Stop Doing Their Work
Who Owns the Monkey?
The following article is not traditional time management. That stuff is good and works but doesn’t address the core problem – if you are doing the wrong things, doing it well is not smart and doesn’t fit our theme about Growing Managers. I was exposed to the work of Bill Oncken many years ago and it had a major impact on my management approach.
The First Premise
Doing the right thing wrong is better than doing the wrong thing right. Much like Drucker’s work on managerial effectiveness, the issue is the choice managers make on what receives their attention and what is ignored. Getting this right is core to making good choices. Even if you are less than competent is much better than doing things you are good at that don’t matter. By the way – this decision starts with the owner and flows down the organization.
The Second Premise
Not everything that crosses your desk (or in your voice mail or email) belongs to you. One force of organizational nature are problems always rise to the top. This is where the monkey analogy comes in. Think about a Nat Geo movie and a troop of monkeys are foraging for food on the ground. What happens when danger appears? They scurry screaming up the closest tree. The same thing happens in business. Problems quickly climb until reaching the owner’s office.
The Third Premise
Problems (monkeys) don’t care which office they live in, they want care. Ever lived with a monkey? They are noisy, dirty, clingy, etc., making it impossible to work. Most unaware managers become monkey farmers and wonder why they cannot get anything done. The real situation is employee jobs are interfering with your job.
The Fourth Premise
Most managers (monkey farmers) are their own worst enemy. They operate with the mindset that every employee should see “an expert at work” and make the transfer easier.
How does this happen? An employee meets you in the hall and they have a problem. They tell you enough to create concern but not enough to solve it on the spot. So you say something like “I will get back to you on that”. Understand during the conversation the monkey moved from their back to yours. Whoever has the next step has the monkey.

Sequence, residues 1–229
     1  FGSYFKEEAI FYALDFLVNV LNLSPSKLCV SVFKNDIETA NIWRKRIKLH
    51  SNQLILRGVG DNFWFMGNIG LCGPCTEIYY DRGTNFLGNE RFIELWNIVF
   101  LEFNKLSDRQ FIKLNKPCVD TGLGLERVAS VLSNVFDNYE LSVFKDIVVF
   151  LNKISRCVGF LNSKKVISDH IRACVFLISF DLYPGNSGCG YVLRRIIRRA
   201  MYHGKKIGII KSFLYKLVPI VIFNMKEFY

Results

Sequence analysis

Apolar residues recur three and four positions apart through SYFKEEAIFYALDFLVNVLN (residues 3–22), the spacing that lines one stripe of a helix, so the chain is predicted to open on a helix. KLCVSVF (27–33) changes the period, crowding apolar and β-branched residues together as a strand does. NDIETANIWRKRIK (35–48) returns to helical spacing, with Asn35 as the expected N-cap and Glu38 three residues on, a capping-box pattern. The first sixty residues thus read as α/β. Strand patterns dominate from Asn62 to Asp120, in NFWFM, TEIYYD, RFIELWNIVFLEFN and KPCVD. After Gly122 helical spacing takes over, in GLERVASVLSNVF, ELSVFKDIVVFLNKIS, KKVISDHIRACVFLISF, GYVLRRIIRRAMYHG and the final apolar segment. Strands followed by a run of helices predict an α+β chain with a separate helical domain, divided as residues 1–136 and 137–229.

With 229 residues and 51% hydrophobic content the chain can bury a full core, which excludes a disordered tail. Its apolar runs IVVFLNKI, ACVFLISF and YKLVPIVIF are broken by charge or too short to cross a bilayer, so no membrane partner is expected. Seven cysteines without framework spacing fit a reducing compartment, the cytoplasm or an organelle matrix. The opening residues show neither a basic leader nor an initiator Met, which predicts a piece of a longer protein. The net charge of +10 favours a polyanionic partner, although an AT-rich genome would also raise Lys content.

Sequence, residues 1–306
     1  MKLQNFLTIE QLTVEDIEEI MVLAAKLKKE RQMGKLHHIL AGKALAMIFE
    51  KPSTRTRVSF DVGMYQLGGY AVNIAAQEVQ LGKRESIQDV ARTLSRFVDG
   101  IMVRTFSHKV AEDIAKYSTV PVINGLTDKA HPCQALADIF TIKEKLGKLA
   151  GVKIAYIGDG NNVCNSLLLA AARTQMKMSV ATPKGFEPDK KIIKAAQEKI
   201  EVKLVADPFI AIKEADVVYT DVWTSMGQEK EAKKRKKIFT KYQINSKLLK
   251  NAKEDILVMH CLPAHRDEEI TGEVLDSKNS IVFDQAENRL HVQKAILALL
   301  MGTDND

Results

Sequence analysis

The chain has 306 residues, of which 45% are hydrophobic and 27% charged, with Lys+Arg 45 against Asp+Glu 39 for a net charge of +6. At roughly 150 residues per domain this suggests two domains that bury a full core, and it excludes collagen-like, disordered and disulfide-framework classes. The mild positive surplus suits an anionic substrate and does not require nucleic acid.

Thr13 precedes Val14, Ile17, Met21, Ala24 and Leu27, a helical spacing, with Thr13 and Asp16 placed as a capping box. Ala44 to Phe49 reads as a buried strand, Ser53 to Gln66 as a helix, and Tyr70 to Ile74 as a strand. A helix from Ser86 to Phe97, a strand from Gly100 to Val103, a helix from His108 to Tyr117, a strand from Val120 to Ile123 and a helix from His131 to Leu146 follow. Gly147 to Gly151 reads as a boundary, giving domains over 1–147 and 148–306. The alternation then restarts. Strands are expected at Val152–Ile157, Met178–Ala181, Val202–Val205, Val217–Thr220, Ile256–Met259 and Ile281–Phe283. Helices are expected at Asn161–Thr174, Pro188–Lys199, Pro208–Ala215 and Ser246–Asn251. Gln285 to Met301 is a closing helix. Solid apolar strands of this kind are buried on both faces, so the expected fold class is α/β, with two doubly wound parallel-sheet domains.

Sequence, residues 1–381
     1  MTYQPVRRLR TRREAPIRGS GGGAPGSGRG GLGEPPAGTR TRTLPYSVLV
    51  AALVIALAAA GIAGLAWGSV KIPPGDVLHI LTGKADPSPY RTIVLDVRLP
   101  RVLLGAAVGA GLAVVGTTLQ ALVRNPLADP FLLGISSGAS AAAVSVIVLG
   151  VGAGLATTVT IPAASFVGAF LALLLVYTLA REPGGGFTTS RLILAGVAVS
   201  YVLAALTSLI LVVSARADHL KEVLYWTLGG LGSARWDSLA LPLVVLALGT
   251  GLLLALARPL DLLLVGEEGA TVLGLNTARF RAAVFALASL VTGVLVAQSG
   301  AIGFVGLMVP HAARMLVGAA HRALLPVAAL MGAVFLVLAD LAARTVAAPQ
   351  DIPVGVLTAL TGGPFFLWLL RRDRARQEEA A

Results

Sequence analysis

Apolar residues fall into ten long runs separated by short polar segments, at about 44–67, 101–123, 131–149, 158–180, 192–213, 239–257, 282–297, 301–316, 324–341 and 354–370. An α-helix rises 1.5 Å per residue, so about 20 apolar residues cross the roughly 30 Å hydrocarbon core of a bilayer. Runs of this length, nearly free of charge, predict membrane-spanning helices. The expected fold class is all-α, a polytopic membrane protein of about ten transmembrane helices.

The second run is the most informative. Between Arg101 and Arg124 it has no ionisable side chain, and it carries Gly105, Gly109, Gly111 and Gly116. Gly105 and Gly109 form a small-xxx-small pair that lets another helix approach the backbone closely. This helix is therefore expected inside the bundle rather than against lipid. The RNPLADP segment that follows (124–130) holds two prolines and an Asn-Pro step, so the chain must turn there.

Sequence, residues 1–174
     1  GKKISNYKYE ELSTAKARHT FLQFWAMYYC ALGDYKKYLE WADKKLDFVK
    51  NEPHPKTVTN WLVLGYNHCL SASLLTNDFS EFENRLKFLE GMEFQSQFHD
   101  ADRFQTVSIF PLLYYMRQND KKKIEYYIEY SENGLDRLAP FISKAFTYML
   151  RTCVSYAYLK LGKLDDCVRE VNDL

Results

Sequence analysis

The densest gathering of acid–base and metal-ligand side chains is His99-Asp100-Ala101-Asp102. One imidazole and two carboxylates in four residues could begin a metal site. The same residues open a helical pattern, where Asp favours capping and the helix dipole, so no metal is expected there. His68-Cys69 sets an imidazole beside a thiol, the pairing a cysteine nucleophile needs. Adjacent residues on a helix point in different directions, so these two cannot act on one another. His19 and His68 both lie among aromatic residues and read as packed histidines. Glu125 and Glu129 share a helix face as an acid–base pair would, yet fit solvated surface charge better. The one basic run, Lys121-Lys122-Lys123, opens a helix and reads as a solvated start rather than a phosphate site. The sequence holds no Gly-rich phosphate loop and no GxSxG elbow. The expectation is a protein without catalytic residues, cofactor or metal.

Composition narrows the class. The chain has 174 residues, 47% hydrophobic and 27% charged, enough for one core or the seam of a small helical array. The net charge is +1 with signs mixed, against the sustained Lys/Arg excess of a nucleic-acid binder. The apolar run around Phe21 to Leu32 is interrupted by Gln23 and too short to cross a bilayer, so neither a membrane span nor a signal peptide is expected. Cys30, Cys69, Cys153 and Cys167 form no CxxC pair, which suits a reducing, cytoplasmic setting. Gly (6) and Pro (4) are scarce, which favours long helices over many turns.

4 Rules to Fix It
- Determine its Owner. Start by taking out a piece of paper and write down your total compensation for the year. Given that a normal year has 2080 work hours, divide your total compensation by 2000 – that is what you are paidper hour. Now you are in the right frame of mind to look at all the monkeys on your desk, in your email, on your voicemail. Which of the jobs are worth your time? You now have a list of things you should do and this is the perfect target for traditional time management. If it is not worth what it cost, move to number 2.
- Provide Feeding Instructions. This is all about bringing people into your office and handing their monkeys back. If you are certain they cannot do the job, provide them with feeding instructions on how but never forget Rule #4.
- Or Shoot. If this issue/task doesn’t provide value anywhere or isn’t worth the labor – decide not to do it. If that is the decision – shoot it in public to make sure everyone knows to stop work on it immediately.
Never Have the Next Step
I saved the best rule for last. Never, never, never allow an employee to leave a conversation with you having the next step. It leads to reverse supervision – employees checking with you to see if you have finished their work. Hopefully this has happened to you enough you can hold the line. Make sure when the conversation is finished, they have the next step and are reporting back to you